Wednesday, September 4, 2013

Driftwood at Dusk

  Wow, what a wonderful world. These photos were taken back in August at Sycamore Cove Beach in Point Mugu State Park.  I always talk about how blessed I am to live in such a beautiful environment where I get to experience a variety of biomes like the chaparral and marine biomes like the intertidal zone (thank you IB Biology). However, now that school has started my new favorite class has got to be AP Environmental Science or APES for short. Within just three days of this class (my school has a block schedule), my views about the relationship between humans and nature have been dramatically expanded. Now I haven't exactly undergone the normal science route at my school; under my belt I have both Honors Chemistry and Biology, along with a more in-depth beginning course of IB Bio/Chem. So going into AP Physics and APES this year I feel like I have a bit of an advantage with all the interconnected information I have gained from my past three years of high school science. I love taking my knowledge of science and applying it into my writing. I feel that it gives it a little something extra. However those who aren't so keen on such topics, I will try not to bore you to death as long as you try to hear what I have to say. 

The first thing we have learned about in APES is called "The Tragedy of the Commons" a principle made famous by Professor Garrett Hardin. The Tragedy of the Commons has to do with resources. Resources that no one can regulate, resources that we all share. Like the fish in the ocean, grass for grazing, and the very air we breathe. However, with our ever growing population, we are in constant demand for such "common" resources. Say the carrying capacity or the capacity an area's resources can sustain, of a particular ocean community was 2500 fish. Obviously, fishermen are out in the ocean trying to make a living to feed their families and earn their livelihood. In an ideal world if everyone took as many fish in order to support themselves while still leaving enough in the ocean to be replenished, then the world would be fine and dandy. People unfortunately do not work that way. Some are greedier than others, more ambitious, or simply unaware or have no regard for the fish. So they are the ones who take more than they need out of the ocean in order to reap enormous gains for themselves. While there is nothing wrong with a little ambition, those who only took their share might feel cheated and in turn start to do the same. So then fish are harvested until the supply has been depleted and people are left without a livelihood. That my friends is the Tragedy of the Commons. Common resources come to tragic ends. 

Another example Hardin used in an essay was National Parks. Visitors are free to come and go in order to experience the "preserved beauty and wildlife of nature." Even though these places are protected, just by visiting we erode the very soil that is integral to that ecosystem. The soil might have been compacted in order to keep roots of plants down, and now it isn't. This past year my community experienced a raging fire that burned from the city of Camarillo all the way to Malibu. Driving down the PCH, the fire is still a fresh presence in the charred hills and skeletal shrubs. Wildfires are actually essential to ecosystems like the ones here in Malibu. Fire actually helps some seeds open to reproduce and they also clear away bad weeds that compete with the native plants. Even though the blackened hill sides are depressing to most, it makes me happy to know that the Earth is just back in a cycle of renewal and rebirth. The reason the fire actually got so bad here this past June was most likely because it had reason to keep burning. Despite our ignorantly sincere efforts, we sometimes need to know when our actions are hurting instead of helping.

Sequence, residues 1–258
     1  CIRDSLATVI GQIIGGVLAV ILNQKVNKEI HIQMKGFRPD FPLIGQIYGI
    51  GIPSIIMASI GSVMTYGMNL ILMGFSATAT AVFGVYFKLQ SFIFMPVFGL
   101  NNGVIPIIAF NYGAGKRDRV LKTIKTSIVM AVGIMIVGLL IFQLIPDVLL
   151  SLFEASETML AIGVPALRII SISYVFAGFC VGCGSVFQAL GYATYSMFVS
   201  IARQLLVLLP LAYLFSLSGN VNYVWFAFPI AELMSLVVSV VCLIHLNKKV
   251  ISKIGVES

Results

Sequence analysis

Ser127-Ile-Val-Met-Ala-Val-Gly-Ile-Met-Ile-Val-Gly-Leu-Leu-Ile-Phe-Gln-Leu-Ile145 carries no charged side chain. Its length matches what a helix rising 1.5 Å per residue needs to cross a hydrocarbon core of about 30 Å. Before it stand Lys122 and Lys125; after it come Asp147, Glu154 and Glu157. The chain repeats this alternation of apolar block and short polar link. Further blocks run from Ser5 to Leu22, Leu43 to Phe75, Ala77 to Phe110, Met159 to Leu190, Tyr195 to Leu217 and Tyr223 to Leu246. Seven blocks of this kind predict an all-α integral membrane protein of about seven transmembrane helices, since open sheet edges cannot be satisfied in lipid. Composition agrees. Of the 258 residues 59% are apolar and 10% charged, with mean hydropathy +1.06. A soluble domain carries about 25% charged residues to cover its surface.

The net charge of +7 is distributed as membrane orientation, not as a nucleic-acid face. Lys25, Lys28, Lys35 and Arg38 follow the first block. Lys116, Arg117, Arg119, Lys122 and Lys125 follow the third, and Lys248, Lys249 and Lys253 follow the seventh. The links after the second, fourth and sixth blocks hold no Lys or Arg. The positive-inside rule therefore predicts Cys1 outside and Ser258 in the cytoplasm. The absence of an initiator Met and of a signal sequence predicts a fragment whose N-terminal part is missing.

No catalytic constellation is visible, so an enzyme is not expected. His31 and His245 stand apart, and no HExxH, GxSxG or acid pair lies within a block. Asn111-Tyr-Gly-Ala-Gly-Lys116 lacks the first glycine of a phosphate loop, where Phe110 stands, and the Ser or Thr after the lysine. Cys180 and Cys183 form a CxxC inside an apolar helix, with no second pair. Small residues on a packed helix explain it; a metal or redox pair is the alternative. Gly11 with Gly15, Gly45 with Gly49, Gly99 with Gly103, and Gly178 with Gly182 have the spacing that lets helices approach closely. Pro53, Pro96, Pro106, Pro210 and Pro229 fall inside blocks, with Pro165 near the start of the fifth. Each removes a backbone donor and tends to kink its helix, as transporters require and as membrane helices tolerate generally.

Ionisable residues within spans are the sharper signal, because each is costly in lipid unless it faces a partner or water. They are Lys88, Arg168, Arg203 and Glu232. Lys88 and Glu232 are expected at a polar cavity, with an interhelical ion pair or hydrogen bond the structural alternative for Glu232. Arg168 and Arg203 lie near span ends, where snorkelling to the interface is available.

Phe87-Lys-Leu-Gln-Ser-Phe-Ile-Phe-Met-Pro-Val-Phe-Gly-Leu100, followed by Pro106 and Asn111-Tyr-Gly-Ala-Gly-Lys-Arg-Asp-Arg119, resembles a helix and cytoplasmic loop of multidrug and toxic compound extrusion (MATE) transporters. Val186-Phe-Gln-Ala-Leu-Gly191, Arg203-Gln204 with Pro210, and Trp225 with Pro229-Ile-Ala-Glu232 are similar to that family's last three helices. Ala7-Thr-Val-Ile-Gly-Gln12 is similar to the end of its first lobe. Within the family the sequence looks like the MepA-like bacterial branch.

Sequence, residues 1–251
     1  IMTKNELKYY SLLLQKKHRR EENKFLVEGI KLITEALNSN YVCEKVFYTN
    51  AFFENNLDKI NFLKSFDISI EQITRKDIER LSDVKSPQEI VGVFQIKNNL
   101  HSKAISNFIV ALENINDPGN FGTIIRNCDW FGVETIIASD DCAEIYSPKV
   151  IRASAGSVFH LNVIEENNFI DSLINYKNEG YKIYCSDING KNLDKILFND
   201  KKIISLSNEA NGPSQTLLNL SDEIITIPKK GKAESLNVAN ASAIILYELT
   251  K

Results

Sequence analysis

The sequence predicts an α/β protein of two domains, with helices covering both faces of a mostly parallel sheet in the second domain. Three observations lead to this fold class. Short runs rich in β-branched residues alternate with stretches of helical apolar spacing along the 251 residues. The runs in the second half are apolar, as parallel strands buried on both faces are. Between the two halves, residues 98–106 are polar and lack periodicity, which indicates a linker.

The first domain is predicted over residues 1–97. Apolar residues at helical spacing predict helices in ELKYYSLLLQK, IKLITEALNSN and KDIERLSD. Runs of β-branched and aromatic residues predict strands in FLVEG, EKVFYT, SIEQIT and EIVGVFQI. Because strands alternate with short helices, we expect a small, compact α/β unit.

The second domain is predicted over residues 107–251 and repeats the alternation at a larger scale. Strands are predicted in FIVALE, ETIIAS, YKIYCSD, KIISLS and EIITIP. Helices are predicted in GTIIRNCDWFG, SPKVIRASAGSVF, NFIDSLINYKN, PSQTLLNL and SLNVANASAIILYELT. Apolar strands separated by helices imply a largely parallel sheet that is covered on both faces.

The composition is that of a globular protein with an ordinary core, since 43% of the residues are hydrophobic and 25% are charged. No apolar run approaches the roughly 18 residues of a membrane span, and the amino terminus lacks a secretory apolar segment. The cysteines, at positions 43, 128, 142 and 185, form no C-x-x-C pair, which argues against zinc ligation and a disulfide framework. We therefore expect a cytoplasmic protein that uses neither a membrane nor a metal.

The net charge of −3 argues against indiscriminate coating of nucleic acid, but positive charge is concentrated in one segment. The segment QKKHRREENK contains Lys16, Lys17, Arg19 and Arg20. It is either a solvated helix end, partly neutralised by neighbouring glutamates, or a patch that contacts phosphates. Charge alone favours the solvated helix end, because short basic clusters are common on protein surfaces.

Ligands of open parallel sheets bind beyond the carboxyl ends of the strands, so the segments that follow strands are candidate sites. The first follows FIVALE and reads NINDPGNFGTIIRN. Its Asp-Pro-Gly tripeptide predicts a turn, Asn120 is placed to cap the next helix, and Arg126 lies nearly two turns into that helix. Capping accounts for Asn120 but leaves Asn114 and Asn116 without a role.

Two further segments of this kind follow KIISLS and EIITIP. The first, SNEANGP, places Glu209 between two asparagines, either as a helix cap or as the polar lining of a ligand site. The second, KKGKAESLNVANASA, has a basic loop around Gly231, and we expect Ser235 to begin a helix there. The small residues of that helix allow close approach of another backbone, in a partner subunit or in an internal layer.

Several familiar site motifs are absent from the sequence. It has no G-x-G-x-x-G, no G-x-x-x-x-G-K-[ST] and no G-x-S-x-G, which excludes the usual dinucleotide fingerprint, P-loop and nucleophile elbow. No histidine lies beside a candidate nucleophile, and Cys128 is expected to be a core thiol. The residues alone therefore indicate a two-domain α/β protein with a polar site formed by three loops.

Surely people are becoming more aware, and we can stop fishing or overgrazing or cutting down trees. However awareness is not the only factor. I have always thought, when discussing politics, that as much as I would love for the United States to convert over to more eco-friendly forms of policy, we cannot get to that unless we fix other problems with the system*. Other problems that jeopardize our basic needs as humans. If people are starving and need the fish, their needs will be put before the wildlife's. It is human nature, and it is nothing to be ashamed of. People who have stable conditions of life have amazing luxuries. I am not just talking about material luxuries, but of ethical luxuries. We have the time to be able to think about helping the environment and the time to stand on a sidewalk protesting or writing petitions to save the environment. Some people are not so lucky. 

So how do we take such a luxury and make the most of it while still keeping society in mind? I honestly have no clue. But it is something for all of us to think about. For one day, I do believe we can figure it out. While at this moment, I am quite disgusted by humanity's degradation of the earth and the role I play in it, I cannot change what I am. And because of that we need to use things unique to our humanity to change the future. Things like the ability to think logically and critically but also the ability to have heart and empathize. Humanity has had some great moments, but some of its greatest are yet to come.

* This view was also shared by my teacher who reminds us to constantly keep in mind other workings of society while approaching this subject, as both are intensely intertwined. I think this is very wise, and I think I shall apply it to other areas besides his class.

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